CROSS REFERENCE TO RELATED APPLICATIONS
- TECHNICAL FIELD
This application is related to U.S. patent application Ser. No.______ (Attorney Docket # 38481.8027), filed concurrently and entitled “Method and System for Processing Intelligence Information”, and to U.S. patent application Ser. No.______ (Attorney Docket # 38481.8029), filed concurrently and entitled “Disseminating Information About Security Threats”, both of which are hereby incorporated by reference in their entirety.
The following disclosure relates generally to analyzing information related to security threats, and more particularly to identifying possible security threats in order to enable notification of appropriate personnel, such as to alert appropriate personnel so that they can prevent identified terrorism threats.
As the security of governments, organizations (e.g., businesses) and individuals is increasingly threatened by various groups and individuals (e.g., terrorist groups and their members), it is increasingly important to identify future security threats (e.g., planned attacks) before they occur so that they can be prevented. In many cases, security personnel (e.g., law enforcement officials) whose job it is to prevent or address such security threats do not have access to the necessary information to identify the security threats before they occur (e.g., information about attack preparation activities of terrorist groups). In other situations, security personnel may have access to the necessary information, but that information may be obscured in an over-abundance of other irrelevant information of various types and/or it may be in an unanalyzed form from which it is difficult to identify the security threats.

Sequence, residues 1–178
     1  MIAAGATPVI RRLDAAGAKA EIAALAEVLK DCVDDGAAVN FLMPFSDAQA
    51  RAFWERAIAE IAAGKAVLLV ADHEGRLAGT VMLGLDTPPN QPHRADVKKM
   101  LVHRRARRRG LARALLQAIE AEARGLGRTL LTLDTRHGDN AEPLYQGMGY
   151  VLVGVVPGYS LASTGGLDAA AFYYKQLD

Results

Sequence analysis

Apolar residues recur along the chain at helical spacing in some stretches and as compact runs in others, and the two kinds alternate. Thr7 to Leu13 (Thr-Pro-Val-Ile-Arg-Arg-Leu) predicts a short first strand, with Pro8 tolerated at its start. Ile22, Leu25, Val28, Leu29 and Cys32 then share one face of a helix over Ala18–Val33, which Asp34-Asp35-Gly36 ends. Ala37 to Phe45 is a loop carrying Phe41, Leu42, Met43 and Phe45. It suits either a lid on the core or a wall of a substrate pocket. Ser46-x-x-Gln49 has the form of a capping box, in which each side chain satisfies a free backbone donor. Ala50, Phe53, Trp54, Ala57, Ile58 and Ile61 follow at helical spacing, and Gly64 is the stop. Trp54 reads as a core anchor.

- BRIEF DESCRIPTION OF THE DRAWINGS
Accordingly, it would be beneficial to provide techniques to analyze various types of information related to possible security threats in an automated manner, such as to assist security personnel in identifying future security threats.
FIG. 1 shows a multi-layered system architecture within which the described techniques can be implemented.
FIG. 2 shows a block diagram of one embodiment of a system configuration in which the described techniques can be implemented.